In this case, the context is one in which Ohio Secretary of State and Gubinatorial Candidate J. Kenneth Blackwell holds the sincere belief that only those who believe in God are wise, and any who doubt the existence of God is a fool. He has openly associated himself with Reverend Rod Parsley who has explicitly called for the (peaceful) overthrow of our current system of government and replace it with a theocracy. His creed is that I, in virtue of my beliefs, am unfit to hold any position in government or any position of authority.

Where people assert that only Christians are wise and all others are fools, a statement to the effect that "wise people seek something greater than intelligence" can only reasonably be interpreted as "wise people are those who have Christian faith."

Put these words in context, and their meaning is clear.

Alonzo Fyfe said...


I am disinclined to accept the idea that there is such a thing as "hard facts" and "soft facts".

The "fears, ambitions and hopes of people caught up in these events" are as much "hard facts" as the forces of physics. Only, there are more of them and more complex.

A good golfer can assess a number of facts in determining how best to hit the ball -- from the wind to the contours of the ground to the way the grass may urge the ball one way or another. The ability to weigh all of these complex matters does not change the fact that he is dealing with hard facts.

The same is true with the diplomat trying to negotiate a peace treaty through a field of conflicting interests. These still count as hard facts.

The distinction, I continue to hold, is that the wise person can deduce likely conclusions from evidence better than others. He can "read" other people, or "read" the course or "read" the weather or "read" the opponent on a battlefield and "read" the mood and capabilities of his own soldiers better than others.

Yet, still, the golfer is dealing with a hard fact. "An initial impulse of magnitued M in direction D will cause the ball to travel to point P."

Alonzo Fyfe said...

Greetings, Don Jr.

On the first item, I have a greater than 99.999% confidence that Reverend Rod Parsley of Ohio would endorse the statement, "Saying that an atheist is a fool is no more an insult than saying that fires are hot." Plus, it is widely reported in the Ohio press that gubinatorial candidate J. Kenneth Blackwell is seeking Reverend Parsley's support in the election, something that he can get only if he promotes Parsley's objectives.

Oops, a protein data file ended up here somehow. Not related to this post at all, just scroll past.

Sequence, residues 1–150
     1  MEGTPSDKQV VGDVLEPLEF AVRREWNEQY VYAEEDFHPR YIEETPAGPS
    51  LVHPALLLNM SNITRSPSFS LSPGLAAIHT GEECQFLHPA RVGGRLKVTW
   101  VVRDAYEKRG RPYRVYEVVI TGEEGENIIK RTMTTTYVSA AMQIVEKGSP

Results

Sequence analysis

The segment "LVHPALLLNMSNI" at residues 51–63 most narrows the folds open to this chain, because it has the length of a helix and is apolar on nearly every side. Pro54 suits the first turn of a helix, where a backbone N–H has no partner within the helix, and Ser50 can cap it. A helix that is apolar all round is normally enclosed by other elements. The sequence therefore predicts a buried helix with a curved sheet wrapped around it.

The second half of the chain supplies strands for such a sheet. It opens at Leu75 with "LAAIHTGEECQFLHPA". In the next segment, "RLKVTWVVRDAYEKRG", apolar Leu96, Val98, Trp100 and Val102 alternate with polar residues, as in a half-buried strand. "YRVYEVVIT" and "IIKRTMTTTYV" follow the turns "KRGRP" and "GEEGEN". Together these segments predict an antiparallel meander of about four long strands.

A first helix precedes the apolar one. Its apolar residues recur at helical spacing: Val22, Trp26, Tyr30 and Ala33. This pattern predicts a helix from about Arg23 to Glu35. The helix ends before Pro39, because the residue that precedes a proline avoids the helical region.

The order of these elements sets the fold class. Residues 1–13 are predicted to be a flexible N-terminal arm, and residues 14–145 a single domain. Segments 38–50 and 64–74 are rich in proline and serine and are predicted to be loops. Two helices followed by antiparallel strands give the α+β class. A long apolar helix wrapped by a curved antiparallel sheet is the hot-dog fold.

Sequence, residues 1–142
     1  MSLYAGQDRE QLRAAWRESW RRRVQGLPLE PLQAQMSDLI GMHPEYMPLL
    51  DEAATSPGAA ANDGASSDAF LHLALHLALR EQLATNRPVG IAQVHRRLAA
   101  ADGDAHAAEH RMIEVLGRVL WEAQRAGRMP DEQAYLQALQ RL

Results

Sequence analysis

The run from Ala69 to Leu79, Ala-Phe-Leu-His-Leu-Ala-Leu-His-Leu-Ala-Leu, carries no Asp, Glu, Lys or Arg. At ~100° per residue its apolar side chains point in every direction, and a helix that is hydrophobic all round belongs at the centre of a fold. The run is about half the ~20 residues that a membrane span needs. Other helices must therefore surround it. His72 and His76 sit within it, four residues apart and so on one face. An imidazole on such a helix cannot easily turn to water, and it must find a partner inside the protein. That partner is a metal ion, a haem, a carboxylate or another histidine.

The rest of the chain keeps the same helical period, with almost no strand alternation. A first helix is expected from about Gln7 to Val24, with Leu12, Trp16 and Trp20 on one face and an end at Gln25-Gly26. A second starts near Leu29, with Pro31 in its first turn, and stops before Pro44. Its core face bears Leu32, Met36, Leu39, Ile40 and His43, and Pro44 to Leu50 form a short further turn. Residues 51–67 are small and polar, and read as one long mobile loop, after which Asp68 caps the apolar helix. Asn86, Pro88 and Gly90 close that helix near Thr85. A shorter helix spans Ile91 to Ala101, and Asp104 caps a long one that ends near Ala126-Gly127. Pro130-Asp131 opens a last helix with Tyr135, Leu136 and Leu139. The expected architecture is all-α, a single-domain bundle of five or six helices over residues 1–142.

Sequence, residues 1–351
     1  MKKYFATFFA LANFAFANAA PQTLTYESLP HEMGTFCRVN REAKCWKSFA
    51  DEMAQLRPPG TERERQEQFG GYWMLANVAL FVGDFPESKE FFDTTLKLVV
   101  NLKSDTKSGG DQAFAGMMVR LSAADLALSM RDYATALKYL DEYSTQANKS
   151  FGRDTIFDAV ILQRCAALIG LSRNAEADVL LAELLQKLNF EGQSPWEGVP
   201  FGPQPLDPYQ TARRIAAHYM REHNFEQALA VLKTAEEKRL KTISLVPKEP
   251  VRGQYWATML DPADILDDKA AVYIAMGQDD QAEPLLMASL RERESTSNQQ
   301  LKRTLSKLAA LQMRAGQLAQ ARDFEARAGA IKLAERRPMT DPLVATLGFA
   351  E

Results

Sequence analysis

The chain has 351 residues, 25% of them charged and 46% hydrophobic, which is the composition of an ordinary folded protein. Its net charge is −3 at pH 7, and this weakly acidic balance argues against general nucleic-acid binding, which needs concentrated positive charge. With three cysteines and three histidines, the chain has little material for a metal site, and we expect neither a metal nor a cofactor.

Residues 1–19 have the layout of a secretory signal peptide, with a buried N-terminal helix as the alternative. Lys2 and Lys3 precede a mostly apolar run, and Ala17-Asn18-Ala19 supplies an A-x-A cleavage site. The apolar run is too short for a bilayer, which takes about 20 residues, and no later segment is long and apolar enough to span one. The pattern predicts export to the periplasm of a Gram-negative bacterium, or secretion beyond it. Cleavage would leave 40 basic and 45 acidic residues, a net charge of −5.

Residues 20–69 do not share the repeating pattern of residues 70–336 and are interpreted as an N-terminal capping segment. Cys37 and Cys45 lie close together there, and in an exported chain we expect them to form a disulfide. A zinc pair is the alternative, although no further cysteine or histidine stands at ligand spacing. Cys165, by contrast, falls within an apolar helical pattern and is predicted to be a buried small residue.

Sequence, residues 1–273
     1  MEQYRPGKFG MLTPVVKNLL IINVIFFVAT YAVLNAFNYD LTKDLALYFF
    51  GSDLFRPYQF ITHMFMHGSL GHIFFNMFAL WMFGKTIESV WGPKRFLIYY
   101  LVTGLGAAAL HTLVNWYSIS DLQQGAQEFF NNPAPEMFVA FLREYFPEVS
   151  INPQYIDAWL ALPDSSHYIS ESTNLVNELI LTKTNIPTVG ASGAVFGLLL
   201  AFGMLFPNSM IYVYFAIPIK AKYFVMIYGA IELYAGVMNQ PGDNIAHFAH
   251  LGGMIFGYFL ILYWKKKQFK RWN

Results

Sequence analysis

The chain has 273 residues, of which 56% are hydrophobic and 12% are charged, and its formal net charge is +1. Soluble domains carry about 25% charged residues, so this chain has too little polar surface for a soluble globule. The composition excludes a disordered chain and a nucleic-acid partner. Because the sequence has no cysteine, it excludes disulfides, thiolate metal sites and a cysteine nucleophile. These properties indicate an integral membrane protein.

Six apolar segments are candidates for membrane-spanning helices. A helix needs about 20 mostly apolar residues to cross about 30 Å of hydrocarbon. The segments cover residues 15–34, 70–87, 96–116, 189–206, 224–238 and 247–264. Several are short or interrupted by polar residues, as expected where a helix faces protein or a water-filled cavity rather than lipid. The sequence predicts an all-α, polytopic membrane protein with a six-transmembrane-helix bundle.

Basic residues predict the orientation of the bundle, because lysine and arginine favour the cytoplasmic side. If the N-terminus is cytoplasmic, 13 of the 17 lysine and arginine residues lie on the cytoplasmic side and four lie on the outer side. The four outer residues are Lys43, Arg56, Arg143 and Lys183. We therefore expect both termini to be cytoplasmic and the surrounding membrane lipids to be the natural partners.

Those objectives, as I cited in the referenced posting, are to establish a theocracy in Ohio (his words, not mine) -- a political view in which those who do not believe in (his interpretation of) God are unfit for any type of civil service.

Now, what I wrote, which is what I believe, is that when people who believe that atheists are fools say that wisdom is the "something greater than intelligence or knowledge," that what they mean is that wisdom is faith. In other words, they are writing their belief that atheists are fools into their definition of wisdom.

You wrote that I derived my case from the quote (I assume you mean the "Wisdom" quote). That was incorrect. As I stated in my first response to your accusation, I derived my claim from news reports of the political aims of Reverend Parsley as reported in the Ohio press, and J. Kenneth Blackwell's close association with and attempts to secure the endorsement of Rev. Parsley, as referenced in the linked post (and the links contained within).

As for your second question, my claim is that a proper definition of wisdom does not seek to make a claim like "by the very definition of wisdom, atheists are fools." In other words, the definition of wisdom does not contain within it a subtext that is insulting or denigrating to any particular religion. It allows for the possibility that others with which one disagrees may be right.

The account of wisdom that I offered is consistent with that requirement.

Alonzo Fyfe said...

Don Jr.

Your description of my argument is flawed in two key ways.

(1) You characterize my argument as a deductive argument when I explicitly reported that it was an inductive argument with a high level of confidence. All inductive arguments are, by definition, deductively invalid therefore any argument to the effect that my argument is deductively invalid misses the point.

(2) You characterized the argument as relying on only two statements while I asserted that my evidence is the whole of Rev. Presley's objectives as reported in the press (including items I linked to), including his explicit claim that he seeks to establish a theocracy and that only Christians are fit to hold public office.

As for your 2nd Posting, I have answered it by identifying that it is a false dichotomy -- like stating, "Either your car is blue, or it must be red. Which is it?" I answer that it is green.

Or, specifically, that my objection was against a definition of wisdom that defined atheists as fools by definition (a priori) rather than (if it is true at all) as an a posteriori truth.